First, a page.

Congress, Lobbying, NASA

Don’t mess with Texas?

Last week it appeared that Sen. Richard Shelby (R-AL) had convinced NASA and the White House to shift $100 million in stimulus funds from supporting commercial crew efforts to Constellation. As the Waco Tribune-Herald reports, some members of the Texas Congressional delegation are opposed to the move. Why? SpaceX has its rocket engine testing facilities near Waco, and company officials claim that it could double its workforce there if it’s able to secure development contracts for carrying crew to the ISS. Congressman Chet Edwards (D-TX), whose district includes Waco, said he’s arranged meetings between “congressional leaders” and SpaceX’s Elon Musk, while SpaceX vice president Larry Williams tells the paper that the company has talked with staffers for Sen. Shelby that “could lead to a compromise.” Meanwhile, Sen. John Cornyn (R-TX) tells the paper that the stimulus funding “will be distributed through the competitive bidding process just like the process for NASA funding each year”, and adds that he hopes Texas will get its fair share.

Meanwhile, the Orlando Sentinel reports today that Sen. Shelby is still trying to drum up support for Constellation over alternative proposals. According to the article, Shelby met with executives of Boeing, Lockheed Martin, and others “to discuss creating a media campaign to counter Ares I critics and alternative ideas.” That plan “never materialized”, and the Sentinel added that the companies are now pitching their own alternatives to Constellation to the Augustine committee.

3 comments to Don’t mess with Texas?

  • sc220

    This is a very positive development. Shelby needs to take a time out, and reassess his position. He’s getting fed a line from MSFC, who stands most to lose from a shift in architectures. Northern Alabama would do well regardless, since the main assembly facility for the Delta and Atlas is in Decatur, just next door to Huntsville.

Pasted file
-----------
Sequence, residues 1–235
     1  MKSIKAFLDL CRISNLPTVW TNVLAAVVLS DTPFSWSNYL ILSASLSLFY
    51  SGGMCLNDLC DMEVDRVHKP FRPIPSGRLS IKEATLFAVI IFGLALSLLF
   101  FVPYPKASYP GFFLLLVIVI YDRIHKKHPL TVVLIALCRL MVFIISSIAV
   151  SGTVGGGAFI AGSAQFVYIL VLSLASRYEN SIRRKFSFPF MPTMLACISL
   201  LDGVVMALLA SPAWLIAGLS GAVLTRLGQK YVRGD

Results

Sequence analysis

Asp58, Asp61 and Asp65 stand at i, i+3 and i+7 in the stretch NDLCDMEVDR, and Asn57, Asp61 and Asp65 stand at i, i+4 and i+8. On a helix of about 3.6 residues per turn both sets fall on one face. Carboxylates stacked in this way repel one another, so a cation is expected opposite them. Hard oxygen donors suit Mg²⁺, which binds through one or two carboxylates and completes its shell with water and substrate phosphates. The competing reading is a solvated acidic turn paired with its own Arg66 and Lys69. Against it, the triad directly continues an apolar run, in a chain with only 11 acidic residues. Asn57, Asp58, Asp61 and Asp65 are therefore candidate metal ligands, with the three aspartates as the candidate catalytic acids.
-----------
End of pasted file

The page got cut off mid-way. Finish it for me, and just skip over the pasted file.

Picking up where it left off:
• CharlesTheSpaceGuy

    This illustrates a HUGE disadvantage that a government operation has. Instead of distributing work based on technical merits – a governmental operation has to distribute it based on Congressional influence, based on gaining political support, etc. The members of Congress can easily influence decisions on how money is spent and where. And this is in spite of the regulations that the Congress levies that claim to get the government to evaluate proposals based on technical merits.

    If we centralized operations, government launch operations would be far cheaper and safer. If NASA did not have to create far flung Centers based on earmarks, they could save a lot of money.

    The competitive bidding process is compromised by the actions of individual elected officials on a daily basis.

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